- Michael Gebert
- Fettucini made with grano arso, burnt flour.
“This is something you’d only have seen in Puglia,” chef John Coletta of Quartino, the two-story Italian restaurant in River North, says. “Even in Lazio, you wouldn’t see it.”
The “it” here is dough for pasta or pizza made with grano arso, literally burnt or scorched grain. After the dried stalks in harvested wheat fields in Puglia were burned, people—very poor people, obviously—would go through them and glean any remaining burnt kernels. The ground ash could be used to stretch store-bought flour at no additional cost, though it also, unsurprisingly, added a bitter burnt flavor. The resulting pasta was called pasta nero, or black pasta.
“Typically they made orecchiette with broccoli rabe, and that was the dish,” Coletta says. But with industrialization the practice died out and “the line of heritage was broken. No one wanted to do that kind of work any more.”
Fast forward through most of the 20th century and up to the Slow Food movement. “Younger chefs want to cook with their grandmother. Everybody around the world’s got the same idea, we all yearn for what we believe to be comforting, and that was a comforting dish,” Coletta says. As chefs began to rediscover the idea of pasta nero, a company called Pivetti in Bologna started producing a modern version of scorched flour, roasting hard wheat the way coffee is roasted rather than picking it up from burnt fields. Now Pivetti has sent its ambassador, a celebrated pizza chef named Antonino Esposito, to Quartino to help introduce grano arso to American diners—and to teach Quartino’s staff how to use it.
“In my opinion, its place is pasta. It started that way; why not keep it that way?” Coletta says. “People used to flavor pasta doughs, whether it was lemon or pepper or whatever the flavoring is. If you utilize this dough properly, using it for a pasta preparation, it’s probably going to be a pretty incredible experience.”
Coletta invites me into the kitchen where his staff is rolling out pasta made with the grano arso. It’s slightly grayer than standard semolina, and you can just see little flecks of black that look like ground pepper. One of his cooks rolls out a long strip of pasta, and then Coletta cuts it into triangles by hand to form a pasta called stracci, which he says means rags.
He carries it into the kitchen and starts making a dish of broccoli rabe, tomatoes, and sauteed onion and garlic. He opens a drawer entirely filled with grated parmesan, and sprinkles a plate with it. Once the broccoli rabe is cooked, he tosses the pasta in with it, teasing a few of the stracci apart by hand with his spatula, and then lets it fall naturally on the plate—it’s obvious that this is never going to be a fussy dish.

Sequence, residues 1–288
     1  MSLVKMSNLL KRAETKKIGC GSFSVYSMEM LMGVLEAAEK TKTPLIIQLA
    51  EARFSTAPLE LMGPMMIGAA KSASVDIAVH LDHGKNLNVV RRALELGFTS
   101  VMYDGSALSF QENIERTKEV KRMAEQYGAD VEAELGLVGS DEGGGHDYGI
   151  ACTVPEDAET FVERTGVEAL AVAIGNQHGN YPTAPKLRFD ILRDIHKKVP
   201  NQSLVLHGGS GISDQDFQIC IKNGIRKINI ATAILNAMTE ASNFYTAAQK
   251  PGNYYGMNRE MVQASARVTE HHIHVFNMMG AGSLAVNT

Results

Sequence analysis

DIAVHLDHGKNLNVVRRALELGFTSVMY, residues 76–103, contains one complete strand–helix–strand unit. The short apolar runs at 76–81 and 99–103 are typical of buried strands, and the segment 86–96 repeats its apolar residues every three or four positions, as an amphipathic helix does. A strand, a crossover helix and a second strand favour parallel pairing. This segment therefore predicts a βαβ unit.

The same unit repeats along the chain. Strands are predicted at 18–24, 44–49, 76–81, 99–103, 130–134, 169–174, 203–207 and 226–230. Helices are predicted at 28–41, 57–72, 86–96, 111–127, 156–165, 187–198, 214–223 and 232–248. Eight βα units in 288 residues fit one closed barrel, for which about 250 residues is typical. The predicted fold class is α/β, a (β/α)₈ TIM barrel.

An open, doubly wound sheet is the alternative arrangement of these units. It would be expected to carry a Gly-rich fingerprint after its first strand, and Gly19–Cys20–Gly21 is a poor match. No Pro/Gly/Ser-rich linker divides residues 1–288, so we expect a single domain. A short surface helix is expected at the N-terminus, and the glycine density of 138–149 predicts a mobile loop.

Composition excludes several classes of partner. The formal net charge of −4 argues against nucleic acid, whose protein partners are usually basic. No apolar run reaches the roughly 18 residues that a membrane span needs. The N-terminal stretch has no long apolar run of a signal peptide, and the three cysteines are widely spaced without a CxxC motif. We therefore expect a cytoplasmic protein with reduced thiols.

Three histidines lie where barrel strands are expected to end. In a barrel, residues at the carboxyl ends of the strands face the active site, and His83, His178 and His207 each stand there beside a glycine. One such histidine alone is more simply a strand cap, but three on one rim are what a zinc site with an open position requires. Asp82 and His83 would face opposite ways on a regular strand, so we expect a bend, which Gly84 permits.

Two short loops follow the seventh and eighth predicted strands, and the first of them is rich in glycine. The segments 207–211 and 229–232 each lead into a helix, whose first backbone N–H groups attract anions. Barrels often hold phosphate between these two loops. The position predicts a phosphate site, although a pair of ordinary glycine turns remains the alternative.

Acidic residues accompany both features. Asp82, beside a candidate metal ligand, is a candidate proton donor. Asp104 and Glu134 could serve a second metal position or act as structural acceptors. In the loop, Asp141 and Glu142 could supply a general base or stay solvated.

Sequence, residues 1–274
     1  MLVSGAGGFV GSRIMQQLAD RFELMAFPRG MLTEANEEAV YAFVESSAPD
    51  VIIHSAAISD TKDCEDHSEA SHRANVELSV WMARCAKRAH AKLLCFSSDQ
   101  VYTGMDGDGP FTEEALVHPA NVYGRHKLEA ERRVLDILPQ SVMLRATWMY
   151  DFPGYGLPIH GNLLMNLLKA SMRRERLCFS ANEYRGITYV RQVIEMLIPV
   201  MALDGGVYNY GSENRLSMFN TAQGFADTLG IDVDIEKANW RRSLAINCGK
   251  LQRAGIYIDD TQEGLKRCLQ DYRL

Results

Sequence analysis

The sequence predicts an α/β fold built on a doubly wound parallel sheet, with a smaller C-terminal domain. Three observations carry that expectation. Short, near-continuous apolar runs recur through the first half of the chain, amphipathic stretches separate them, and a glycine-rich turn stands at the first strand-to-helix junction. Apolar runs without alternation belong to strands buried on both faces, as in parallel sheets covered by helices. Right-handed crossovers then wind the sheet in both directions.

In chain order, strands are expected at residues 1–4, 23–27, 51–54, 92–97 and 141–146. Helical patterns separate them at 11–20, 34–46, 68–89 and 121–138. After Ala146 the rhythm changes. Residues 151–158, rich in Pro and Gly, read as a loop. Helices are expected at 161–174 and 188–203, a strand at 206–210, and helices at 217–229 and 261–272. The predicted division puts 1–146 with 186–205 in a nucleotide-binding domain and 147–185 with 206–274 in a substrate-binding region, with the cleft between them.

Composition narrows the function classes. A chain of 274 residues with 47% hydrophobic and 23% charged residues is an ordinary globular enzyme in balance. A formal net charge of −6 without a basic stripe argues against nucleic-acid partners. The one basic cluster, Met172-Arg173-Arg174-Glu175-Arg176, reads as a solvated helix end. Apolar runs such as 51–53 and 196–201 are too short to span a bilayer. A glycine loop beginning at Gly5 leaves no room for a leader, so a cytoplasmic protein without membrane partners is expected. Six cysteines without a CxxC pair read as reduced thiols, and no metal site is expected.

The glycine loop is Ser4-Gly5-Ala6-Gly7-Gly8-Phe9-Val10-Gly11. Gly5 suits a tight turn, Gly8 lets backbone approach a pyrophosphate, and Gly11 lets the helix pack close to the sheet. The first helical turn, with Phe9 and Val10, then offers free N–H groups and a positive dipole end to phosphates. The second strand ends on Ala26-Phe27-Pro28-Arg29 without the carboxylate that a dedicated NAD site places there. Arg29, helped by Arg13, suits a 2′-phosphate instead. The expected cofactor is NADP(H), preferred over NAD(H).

Burnt flour may have been a matter of life and death for Puglians living off it, but as is so often the case in Italian food, it has become a carefully considered aesthetic choice by the time you or I eat it. The slight bitterness in the pasta is hardly detectable in a dish filled with bitter and acidic elements, but it is perfectly balanced with them, and seems to be standing up to a dish in which ordinary pasta would be outmatched. Pasta with a little zing of its own seems exactly right for these ingredients now.
But Pivetti has sent a pizza chef here. I meet Antonino Esposito a few minutes later, and though his English is marginal, we communicate through a companion interpreting for him, or simply by pointing and nodding. (It’s easier for him with Coletta’s staff—he speaks Italian and they answer in Spanish.) He shows me the rounds on their way to becoming pizza crusts, which look grayer than Coletta’s pasta dough, like they were made with buckwheat flour.
Esposito can start two crusts at once which is impressive, though he focuses on tossing and stretching one at a time. He explains that pizzas from Puglia are usually made with seafood, and the day before, he and Coletta had made a thick, briny tomato sauce with olives and anchovies. He makes a pizza, smears the sauce around it—and then I know it’s the first one he’s made because he picks up one of Quartino’s pizza peels, sized to their standard pizzas, and it’s too small for the pizza he’s just made.
He folds up the crust and throws it away, then makes a smaller one. As it’s about to go in the oven, the cook he’s showing his technique to asks, “No mozzarella?”
“No mozzarella,” Esposito says firmly. He slides it into the oven and watches it intently. After two minutes, he starts trying to ask the cook, in Italian and hand gestures, how to get the temperature up as high as it will go.
A couple of minutes later he poses for me with this first finished pizza, but I’d bet it joined the too-large dough in the trash can. Fifteen minutes later, when a pizza is delivered to where I’m sitting, it looks noticeably darker and crispier. And probably makes Esposito much happier.
Tasting it, I can see now why Coletta prefers grano arso in pasta—where it’s a subtle accent in the pasta, here it’s a front and center bitter taste. The entire pizza will be a challenge for people who think of pizza mainly as comfort food. The tart crust, the acidic blast of the tomato sauce, and the notes of briny anchovy funk are as in your face as they could be. (And of course there’s the absence of cheese.) But it also tastes bracingly like authenticity, a glimpse directly into an obscure regional culture I had known next to nothing about when I walked in the door.
Stracci con cime de rape, stracci with broccoli rabe using the grano arso, will go on the menu on February 1; the pizzas will follow at some point, but no date has been set yet.